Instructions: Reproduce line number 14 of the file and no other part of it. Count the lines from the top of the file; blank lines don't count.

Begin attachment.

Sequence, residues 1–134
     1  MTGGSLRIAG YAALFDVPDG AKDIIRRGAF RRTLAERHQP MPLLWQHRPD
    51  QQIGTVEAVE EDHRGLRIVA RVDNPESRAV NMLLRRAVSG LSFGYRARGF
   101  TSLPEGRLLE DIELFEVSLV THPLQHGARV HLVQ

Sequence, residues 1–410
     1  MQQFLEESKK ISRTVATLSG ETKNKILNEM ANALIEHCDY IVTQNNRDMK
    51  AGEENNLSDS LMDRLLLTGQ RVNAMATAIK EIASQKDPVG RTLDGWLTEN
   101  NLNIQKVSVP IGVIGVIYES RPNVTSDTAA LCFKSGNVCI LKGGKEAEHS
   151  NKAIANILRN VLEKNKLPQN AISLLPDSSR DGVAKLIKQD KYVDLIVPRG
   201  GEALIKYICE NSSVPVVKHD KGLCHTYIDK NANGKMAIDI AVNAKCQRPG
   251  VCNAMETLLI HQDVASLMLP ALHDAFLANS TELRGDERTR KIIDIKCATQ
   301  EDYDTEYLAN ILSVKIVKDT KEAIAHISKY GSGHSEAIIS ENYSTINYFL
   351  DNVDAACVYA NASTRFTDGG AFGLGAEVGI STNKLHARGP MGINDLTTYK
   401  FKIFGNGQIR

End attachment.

   401  FKIFGNGQIR